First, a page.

In April 2017, I visited Prague and played one or two (OK, 25) escape games based on a combination of TripAdvisor reviews, recommendations on the Escape Room Enthusiasts’ Facebook Group, information on Solve Prague (also good for discounts in the less popular venues!) and some advice from Escape Room Tourism. If you’re heading out to the Czech capital and want to play a game (or lots!), then hopefully this series of posts will give you a leg-up on the research.
We visited games across ten different companies: The Chamber, Runaway, Questerland, EscapeX, Mind Maze, Locked In Prague, Chess Key Room, The Padlock, Door Z and Getaway. We could have done more but it’s hard to book games at the last minute in Prague, and the few remaining ones that looked good were either not answering, not open or booked up. We didn’t play at TRAP because we’ve played their games elsewhere (Blackpool, UK and Budapest), but I’ve added a few words at the end of this article for completeness. This Google map may help with locations – it has all the escape rooms below marked on (including the individual sites in the case of companies with more than one site, which is important for the Chamber and Runaway), plus a couple of others which might be interesting.
Too Long; Didn’t Read? In summary: The Chamber was the best company. Play Medieval Dungeon and Haunted House if you don’t mind something on the scary side, or Hacker’s Nest and The Emperor’s Secret if you do. Questerland is a good option for multiple games too – Zombie Apocalypse was easy and linear but very logical and flowed well, while their other two games were also good quality and all three are beautiful. EscapeX: Pragueception and the Padlock‘s 99-minute Mission 53 are two interesting rooms with stunning sets. Finally, Runaway‘s Christopher Columbus game had a lot to offer on the puzzle-front and a great set (and is another slightly longer game at 70 minutes).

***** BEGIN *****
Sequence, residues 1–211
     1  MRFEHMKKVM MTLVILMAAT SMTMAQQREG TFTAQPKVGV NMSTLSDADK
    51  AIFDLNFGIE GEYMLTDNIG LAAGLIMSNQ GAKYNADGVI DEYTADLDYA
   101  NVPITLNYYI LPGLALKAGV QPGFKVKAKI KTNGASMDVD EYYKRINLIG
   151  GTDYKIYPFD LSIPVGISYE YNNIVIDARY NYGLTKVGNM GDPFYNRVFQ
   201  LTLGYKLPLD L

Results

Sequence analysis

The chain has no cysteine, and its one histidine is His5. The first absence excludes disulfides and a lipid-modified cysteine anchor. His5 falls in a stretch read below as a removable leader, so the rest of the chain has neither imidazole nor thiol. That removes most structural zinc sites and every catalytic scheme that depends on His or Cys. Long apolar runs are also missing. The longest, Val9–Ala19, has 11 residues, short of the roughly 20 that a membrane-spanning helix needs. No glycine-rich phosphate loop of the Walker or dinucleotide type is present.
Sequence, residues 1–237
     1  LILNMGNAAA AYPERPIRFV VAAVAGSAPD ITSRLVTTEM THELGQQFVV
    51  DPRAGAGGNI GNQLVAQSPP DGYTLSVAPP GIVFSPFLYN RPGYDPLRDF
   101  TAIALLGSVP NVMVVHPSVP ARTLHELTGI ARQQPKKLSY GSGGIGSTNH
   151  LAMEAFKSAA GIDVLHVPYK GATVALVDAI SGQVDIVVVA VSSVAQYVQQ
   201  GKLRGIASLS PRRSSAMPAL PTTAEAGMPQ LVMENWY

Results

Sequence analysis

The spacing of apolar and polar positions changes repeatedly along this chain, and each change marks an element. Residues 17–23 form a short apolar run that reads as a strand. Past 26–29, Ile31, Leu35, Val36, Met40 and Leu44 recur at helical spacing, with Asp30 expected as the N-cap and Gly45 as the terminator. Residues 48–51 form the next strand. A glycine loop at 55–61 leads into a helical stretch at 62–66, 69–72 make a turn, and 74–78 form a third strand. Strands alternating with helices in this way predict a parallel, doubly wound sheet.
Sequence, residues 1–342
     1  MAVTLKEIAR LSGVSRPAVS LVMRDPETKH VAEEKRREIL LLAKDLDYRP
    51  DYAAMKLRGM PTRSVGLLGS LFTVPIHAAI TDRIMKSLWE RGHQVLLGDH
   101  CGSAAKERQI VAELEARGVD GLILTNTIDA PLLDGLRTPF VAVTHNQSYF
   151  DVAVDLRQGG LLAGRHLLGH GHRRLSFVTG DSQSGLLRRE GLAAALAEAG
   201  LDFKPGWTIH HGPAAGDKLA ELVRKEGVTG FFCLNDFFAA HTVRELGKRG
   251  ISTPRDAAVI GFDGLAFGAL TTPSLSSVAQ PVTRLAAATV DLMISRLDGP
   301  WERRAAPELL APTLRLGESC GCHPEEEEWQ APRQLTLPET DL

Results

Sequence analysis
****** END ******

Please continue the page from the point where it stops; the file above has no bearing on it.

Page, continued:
Other general points: English speakers won’t have a problem for any of the games we played. Some were language-agnostic but most had good English translations that didn’t cause us any issues. The only language barrier for us was when asking for hints but, even then, with a couple of clarifications, we’d get the message relatively quickly. Their English was certainly a lot better than my Czech. The biggest general point was that, in Prague, clues are things you ask for. They were very rarely given to you and, even then, we were always asked if we wanted them or not. I found that very hard to handle because the difficulty of rooms varied massively – so, for example, in one game we asked for around five clues because we felt we were well behind time but then escaped with almost a third of our time remaining.
If you want the in-depth articles, they’re here:
- The Chamber (five games)
- Runaway (six games
- Questerland (three games)
- EscapeX, Chess Key Room and the Padlock (three games)
- Mind Maze and Door Z (five games)
- Locked In Prague, Getaway (three games)
The ones we’d already done…
As mentioned above, we’d already played both the TRAP games available in Prague so didn’t visit their venue, but we would definitely have done so otherwise. Each city has the game customised to fit the space and with some modifications, so we can’t be certain of the quality. If Blackpool’s games are anything to go by, then they’d rate at around 4 stars. Follow these links to read the UK reviews of the Bomb and Secret of the Tomb.
That’s all, folks
I hope you found this write-up useful. If you did, then please let me know via email, and that will encourage me to write more in future. If you’ve got opinions on the above or, equally, if you’ve found some other gems that people should take a look at, do drop a comment below.